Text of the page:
LeetCode's challenge of the day on June 8, 2020 (#231) asks us to write a function that determines if the given Integer `n`

is a **power of two**. In other words: If we **multiply** the **number 2** any amount of times, will we end up with `n`

?

This is a typical **dynamic programming** problem. We could solve it with **recursion**. Using a **helper function,** we would pass `n`

and the `current`

multiplication. But, if `n`

is large enough, the function would be called thousands of times and we might run into `stack overflow`

protection and get a `Segment 11`

error code.

### Bottom Up Approach

The approach we will use is called the **Bottom Up Approach**. The idea is that we are utilizing a `dp`

array. "*dp"* stands for *dynamic programming *and naming the array `dp`

is a convention widely used in tech challenges and interviews.

```
func isPowerOfTwo(_ n: Int) -> Bool {
// 1
guard n != 1 && n != 2 else {
return true
}
// 2
var last: Int = 2
// 3
for index in 2...Int.max {
// 4
let current = last * 2
// 5
if current == n {
return true
}
// 6
if current > n {
return false
}
// 7
last = current
}
// 8
return false
}
```

**1)** `2^0`

is explained in the examples as `n = 1`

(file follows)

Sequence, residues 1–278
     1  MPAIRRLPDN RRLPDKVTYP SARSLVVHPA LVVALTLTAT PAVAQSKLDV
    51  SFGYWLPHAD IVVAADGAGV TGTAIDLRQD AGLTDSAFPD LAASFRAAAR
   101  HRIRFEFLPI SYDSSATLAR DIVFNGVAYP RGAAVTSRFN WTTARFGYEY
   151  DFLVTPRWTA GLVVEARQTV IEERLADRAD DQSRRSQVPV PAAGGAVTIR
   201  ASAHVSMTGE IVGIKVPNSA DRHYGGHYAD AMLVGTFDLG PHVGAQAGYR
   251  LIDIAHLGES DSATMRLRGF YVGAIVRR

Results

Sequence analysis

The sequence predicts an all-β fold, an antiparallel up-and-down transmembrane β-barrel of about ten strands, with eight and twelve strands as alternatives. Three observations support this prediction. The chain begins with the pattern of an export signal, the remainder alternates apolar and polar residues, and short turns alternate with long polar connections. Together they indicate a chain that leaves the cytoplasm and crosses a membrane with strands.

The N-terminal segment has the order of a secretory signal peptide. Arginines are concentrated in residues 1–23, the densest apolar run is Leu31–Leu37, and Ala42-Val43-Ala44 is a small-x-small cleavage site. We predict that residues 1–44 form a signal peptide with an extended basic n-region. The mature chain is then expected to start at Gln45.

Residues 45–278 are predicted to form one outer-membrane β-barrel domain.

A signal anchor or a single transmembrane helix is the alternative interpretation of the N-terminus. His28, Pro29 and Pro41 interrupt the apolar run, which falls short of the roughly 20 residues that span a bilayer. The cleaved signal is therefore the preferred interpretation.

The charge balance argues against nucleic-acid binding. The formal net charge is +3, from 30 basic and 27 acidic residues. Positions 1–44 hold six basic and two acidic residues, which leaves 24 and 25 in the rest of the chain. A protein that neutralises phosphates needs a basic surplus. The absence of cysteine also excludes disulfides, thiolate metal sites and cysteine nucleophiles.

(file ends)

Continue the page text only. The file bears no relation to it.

and `2^1`

is logically `2`

. Those are our **exit conditions**.

**2)** Based on the exit condition in 1), 2 is the last value we have **processed** ( `2^1`

).

**3) **Since we don't know how many multiples we will need to end up at `n`

, we're using a **for loop** from 2 up to `Int.max`

**4)** First, within the loop we will get the **last processed** number and **multiply** it by 2 to get the current number.

**5) **Then, we are **checking** if `current`

equals the given number `n`

. If so, **return true**.

**6) **If the current number is **larger** **than** `n`

, we know that `n`

is not a power of two and we need to **return false**.

**7) **Update the last element using the current one and continue the loop.

**8)** Lastly, we return false to satisfy the compiler.

### Time and space complexity

The time complexity is expressed as `O(n)`

where `n`

is the possible multiples between `0`

and the given integer `n`

. The space complexity is linear as we're only storing the **last processed variable**.